Until recently, the list of what would be covered or excluded in a typical builders risk insurance policy was often a cut-and-dried affair. But these days, many construction and engineering companies are seeking a more flexible range of exclusions that had been used mostly on energy and industrial projects.
To meet the demand, insurers are writing policies that adopt language published by the London Engineering Group (LEG), an association that supports engineering, energy and construction liability underwriting markets. Of the three significant builders risk-related LEG defect-exclusion wordings, LEG 3 policy language is most frequently used in the U.S. Whether this exclusion finds a permanent, widespread place in U.S. construction risk management remains to be seen.
This exclusion by the London Engineering Group eliminates coverage only for costs to improve original materials, workmanship or design but keeps coverage for defect caused damage and rectification.
Builders risk insurance has a long history and covers losses or damage during the construction process. The basic policy usually includes fire and lasts at least a year or until the project is completed. While coverage can be expanded with endorsements to cover all kinds of risks, such as damage to equipment, defects in workmanship are generally excluded.
The rekindled interest in LEG 3 is part of a general reevaluation and reshaping of all the insurance provided to construction companies as the service delivery and risk landscape changes. Joseph Cellura, president of Allied World’s North American Casualty Division, says there has been a push to reevaluate exclusions on casualty insurance, which involves liability coverage. The push for LEG 3 in builders risk in some circumstances covers what is amended in the casualty policies, he said. Kris Feuerbacher, senior vice president of Allied World’s Inland Marine Division, which writes the builders risk insurance, says his company is open to additional coverage in its builders risk policies. He said it is always based on work with brokers, underwriting of contractors and taking account of U.S. case law, which mostly is determined state by state.
In contrast to typical builders risk policies, the three available LEG exclusions allow a range and can be narrower. LEG 3 is the narrowest and will allow the builders risk policy to cover the damage caused by faulty workmanship, materials or design errors but also the cost of accessing and correcting the defect itself. LEG 3 won’t cover the cost of improving the defective workmanship itself, however.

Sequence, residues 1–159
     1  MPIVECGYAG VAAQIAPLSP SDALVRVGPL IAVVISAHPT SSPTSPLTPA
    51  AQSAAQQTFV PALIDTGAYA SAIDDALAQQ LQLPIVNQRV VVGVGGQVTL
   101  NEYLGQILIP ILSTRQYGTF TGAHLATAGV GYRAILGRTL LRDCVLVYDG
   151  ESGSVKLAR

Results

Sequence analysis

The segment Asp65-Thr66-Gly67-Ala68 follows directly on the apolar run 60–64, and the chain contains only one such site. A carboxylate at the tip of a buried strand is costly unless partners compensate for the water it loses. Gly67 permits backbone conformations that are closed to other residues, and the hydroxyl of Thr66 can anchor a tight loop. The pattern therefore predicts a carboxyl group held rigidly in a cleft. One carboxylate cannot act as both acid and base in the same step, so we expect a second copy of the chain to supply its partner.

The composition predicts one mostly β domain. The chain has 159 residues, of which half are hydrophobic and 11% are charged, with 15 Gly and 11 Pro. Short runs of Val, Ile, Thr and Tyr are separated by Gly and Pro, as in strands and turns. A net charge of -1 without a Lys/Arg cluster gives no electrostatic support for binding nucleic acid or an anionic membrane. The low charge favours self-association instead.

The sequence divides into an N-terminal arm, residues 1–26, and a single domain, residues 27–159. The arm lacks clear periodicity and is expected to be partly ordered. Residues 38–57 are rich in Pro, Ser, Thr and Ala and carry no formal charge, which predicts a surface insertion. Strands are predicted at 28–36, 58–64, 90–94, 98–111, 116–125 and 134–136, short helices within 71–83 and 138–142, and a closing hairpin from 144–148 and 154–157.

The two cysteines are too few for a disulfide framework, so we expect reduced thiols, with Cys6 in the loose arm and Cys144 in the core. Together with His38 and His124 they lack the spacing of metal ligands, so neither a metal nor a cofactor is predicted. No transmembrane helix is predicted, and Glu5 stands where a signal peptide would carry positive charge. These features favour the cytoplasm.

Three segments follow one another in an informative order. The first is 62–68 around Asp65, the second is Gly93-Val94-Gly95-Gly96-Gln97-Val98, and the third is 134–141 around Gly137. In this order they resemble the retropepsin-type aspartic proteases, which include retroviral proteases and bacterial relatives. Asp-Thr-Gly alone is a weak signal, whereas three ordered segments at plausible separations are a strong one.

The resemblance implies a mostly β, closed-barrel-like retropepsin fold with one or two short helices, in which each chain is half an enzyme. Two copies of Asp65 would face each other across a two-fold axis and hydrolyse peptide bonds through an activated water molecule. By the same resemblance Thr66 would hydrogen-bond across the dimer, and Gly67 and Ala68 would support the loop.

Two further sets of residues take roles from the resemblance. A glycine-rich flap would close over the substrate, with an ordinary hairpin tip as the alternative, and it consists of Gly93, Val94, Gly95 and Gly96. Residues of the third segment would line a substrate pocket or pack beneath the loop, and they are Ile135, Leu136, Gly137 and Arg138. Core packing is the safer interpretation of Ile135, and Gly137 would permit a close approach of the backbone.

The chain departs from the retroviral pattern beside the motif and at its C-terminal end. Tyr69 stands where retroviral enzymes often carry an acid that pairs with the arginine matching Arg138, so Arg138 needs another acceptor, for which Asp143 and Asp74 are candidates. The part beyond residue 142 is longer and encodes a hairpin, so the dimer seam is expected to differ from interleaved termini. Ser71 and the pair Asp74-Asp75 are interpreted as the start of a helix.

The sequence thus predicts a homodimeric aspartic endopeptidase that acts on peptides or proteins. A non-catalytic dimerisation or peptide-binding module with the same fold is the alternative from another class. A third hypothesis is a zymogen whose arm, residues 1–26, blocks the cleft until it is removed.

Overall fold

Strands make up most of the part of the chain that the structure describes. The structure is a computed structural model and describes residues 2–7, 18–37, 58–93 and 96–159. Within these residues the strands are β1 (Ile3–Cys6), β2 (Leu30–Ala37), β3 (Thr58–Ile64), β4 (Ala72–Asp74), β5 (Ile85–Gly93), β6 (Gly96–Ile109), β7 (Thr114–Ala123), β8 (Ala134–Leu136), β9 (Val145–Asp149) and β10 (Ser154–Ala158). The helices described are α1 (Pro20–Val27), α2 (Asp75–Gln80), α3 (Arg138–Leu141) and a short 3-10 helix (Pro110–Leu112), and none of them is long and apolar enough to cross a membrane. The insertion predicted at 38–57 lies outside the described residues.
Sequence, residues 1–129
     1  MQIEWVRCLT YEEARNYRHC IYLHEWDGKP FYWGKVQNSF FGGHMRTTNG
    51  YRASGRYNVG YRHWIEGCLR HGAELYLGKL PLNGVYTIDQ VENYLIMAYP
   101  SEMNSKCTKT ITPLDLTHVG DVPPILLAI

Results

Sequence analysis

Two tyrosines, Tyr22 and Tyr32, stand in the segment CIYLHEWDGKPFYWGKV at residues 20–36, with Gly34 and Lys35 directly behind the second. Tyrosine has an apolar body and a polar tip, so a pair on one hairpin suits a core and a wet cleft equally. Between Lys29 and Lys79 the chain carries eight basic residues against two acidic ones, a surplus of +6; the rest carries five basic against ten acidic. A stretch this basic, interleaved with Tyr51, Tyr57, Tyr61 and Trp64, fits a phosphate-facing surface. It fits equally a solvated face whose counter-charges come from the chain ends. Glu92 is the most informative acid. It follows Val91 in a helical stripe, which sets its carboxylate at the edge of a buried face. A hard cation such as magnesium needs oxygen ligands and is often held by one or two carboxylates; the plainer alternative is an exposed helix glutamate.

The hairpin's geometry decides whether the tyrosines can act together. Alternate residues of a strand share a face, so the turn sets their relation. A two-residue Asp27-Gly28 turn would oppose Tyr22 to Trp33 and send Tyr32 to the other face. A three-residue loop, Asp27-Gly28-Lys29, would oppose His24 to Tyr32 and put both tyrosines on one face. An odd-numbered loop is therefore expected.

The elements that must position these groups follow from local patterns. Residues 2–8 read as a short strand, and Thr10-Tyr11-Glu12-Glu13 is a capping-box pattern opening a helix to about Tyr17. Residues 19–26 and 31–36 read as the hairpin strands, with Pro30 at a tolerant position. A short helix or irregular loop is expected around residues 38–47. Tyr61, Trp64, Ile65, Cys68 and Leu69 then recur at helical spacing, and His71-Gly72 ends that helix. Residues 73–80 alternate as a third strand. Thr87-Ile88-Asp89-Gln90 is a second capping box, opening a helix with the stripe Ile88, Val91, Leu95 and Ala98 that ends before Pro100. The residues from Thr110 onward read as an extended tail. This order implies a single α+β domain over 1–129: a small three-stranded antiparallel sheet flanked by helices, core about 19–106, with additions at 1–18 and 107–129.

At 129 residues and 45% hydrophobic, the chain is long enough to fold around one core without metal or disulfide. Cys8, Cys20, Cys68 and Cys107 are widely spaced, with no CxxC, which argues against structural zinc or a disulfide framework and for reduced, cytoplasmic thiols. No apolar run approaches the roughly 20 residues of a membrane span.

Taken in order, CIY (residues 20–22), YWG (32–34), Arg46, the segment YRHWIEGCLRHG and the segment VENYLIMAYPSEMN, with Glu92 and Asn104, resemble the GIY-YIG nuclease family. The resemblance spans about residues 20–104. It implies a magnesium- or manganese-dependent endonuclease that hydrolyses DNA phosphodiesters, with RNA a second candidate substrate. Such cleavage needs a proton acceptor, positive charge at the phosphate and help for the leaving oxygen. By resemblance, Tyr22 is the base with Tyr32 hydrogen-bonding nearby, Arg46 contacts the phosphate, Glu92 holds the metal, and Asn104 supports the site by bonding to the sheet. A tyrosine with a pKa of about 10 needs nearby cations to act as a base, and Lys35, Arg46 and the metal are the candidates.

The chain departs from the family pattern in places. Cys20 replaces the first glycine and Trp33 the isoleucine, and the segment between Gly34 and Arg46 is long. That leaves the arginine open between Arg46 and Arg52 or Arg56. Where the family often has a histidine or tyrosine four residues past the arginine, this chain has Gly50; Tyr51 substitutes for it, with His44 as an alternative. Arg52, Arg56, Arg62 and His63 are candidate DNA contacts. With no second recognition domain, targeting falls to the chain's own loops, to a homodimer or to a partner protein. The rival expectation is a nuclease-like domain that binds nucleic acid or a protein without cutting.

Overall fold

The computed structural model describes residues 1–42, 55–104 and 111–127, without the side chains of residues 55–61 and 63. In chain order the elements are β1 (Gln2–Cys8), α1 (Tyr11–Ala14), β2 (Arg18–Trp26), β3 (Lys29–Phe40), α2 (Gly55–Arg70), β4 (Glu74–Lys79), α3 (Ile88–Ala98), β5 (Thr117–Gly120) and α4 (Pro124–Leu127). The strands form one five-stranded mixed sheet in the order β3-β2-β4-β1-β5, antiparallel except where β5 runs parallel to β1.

Still, policies with LEG 3 provisions can carry much steeper premiums, and the jury is out over whether they are always truly cost-effective compared to standard builders risk policies. In addition, the LEG 3 approach to insuring major projects is relatively untested in the U.S. legal system, making them somewhat of an unknown quantity should a policy with a LEG exclusion land in court. Some U.S. insurers are wary for that reason and wonder if London-based insurers are as mindful of the individual state law and labor conditions in the U.S. It has been suggested that, in principle, insuring defective workmanship is not a good idea in that it undercuts incentives for contractors to improve their quality control.
Nevertheless, some insurance experts say adding a LEG exclusion to a builders risk policy can help to cut back on unnecessary and costly litigation sparked by differing interpretations over what is covered. “What LEG policies bring is a little more certainty to what’s covered and what’s not covered,” said Steven Coombs, a principal at LaGrange Park, Ill.-based risk management and commercial insurance consulting firm Risk Resources and co-author of a book on builders risk policies published in 2010 by the International Risk Management Institute. “Builders risk policies should be as broad as you can negotiate them,” said Coombs. If there is a loss, “the stakeholders don’t have the luxury of time to sit around and point fingers and litigate. They need to rebuild as fast as possible.”
LEG’s “consequence” defect exclusion eliminates overage of costs directly related to defects in material, workmanship or design and caps the costs of replacing or rectifying damage to a system or building.
The London Engineering Group was launched in the 1990s as a consultative organization by insurers and re-insurers active in the engineering market and, in particular, energy and operational power. Since then, the LEG approach to exclusions has become standard in both the U.K. and Europe.
The first experience U.S. insurers had with LEG exclusions were through policies written for global contractors and engineering companies working on projects in various cities and states across the country, noted Mark Katz, a New York City-based attorney. That has begun to change. More U.S. insurers are beginning to incorporate LEG 3 provisions into their policies to the point where contractors and engineering and design firms can probably get them by asking their brokers.